I had done all I wanted in Plettenberg’s Bay, so my last days I spent enjoying the weather and the presence of my compatriots, now that I still could. Then I went back to planning my next destination, which was Capetown. I wanted to go to Mossel Bay for cage diving, but at my tour in Tenikwa, one of the American girls had told me about a place in Cape Town that would give you your money back when no sharks were found. The Captonian completely convinced me when he said that there is also a bigger chance of finding large sharks there. So this was the end of Plettenberg for me, a lovely place where I had stayed for a week. I had another week left before going to my 2nd workaway place, which I was going to spend well.

A small recap of Plettenberg: Albergo is a great backpackers and one of the cheapest there, the people are very likeable and it’s easy to make friends here. The Tenikwa tour is definitely worth the money. Monkeyland was awesome, but if you’re either low on time or money, I wouldn’t do it. If you really want to come in contact with elephants, I would try to find a different place first. Robberg is beautiful and great for hikes, even though it’s ridiculous you have to pay, it’s not that expensive. The beaches are great for long walks. The city is not huge, but bigger than Jeffrey’s Bay and it’s cozy. People here are very nice, just make sure that the ones you meet are not one of the few with an underlying reason.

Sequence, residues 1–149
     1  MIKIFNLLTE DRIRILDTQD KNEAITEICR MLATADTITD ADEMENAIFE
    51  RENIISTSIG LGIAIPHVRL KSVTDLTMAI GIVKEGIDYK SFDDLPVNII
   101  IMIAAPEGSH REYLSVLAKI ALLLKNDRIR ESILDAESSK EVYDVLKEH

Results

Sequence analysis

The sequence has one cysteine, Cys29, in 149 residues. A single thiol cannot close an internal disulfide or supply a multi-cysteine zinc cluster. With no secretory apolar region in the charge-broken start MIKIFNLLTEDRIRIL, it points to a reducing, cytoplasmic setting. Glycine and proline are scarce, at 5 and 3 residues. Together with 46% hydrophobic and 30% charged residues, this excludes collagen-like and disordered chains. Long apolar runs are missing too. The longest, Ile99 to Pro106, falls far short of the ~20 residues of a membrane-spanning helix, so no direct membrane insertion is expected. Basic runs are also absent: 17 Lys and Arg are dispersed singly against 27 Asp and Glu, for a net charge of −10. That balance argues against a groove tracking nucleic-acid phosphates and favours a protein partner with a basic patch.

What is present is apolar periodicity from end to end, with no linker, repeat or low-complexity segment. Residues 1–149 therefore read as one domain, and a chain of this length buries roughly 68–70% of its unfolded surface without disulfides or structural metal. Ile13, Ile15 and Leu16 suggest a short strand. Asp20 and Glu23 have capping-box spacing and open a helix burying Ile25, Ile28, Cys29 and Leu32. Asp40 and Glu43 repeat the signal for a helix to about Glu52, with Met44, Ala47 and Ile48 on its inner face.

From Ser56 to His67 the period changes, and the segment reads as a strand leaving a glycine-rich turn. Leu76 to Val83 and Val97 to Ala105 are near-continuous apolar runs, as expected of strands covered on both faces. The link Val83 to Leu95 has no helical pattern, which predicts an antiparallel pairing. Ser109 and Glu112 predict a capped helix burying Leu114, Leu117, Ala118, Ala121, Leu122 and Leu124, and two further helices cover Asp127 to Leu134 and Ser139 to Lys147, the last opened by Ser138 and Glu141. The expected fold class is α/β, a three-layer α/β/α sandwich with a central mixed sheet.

*Kaaskop is the Dutch/Afrikaans way of saying ‘Cheesehead’, which is sometimes used to call people from the Netherlands.

**I am writing this way after my trip and just before my next one, so apologies as this is just a short and quick summarize of everything I still know so that I can start writing on time before I leave**

***Any given advice and or opinions is only meant to either describe my trip or to help people have a great travelling experience***



Tenikwa Rehabilitation

Elephant Sanctuary


Albergo Backpackers

Baz Bus

Cage diving in Mossel Bay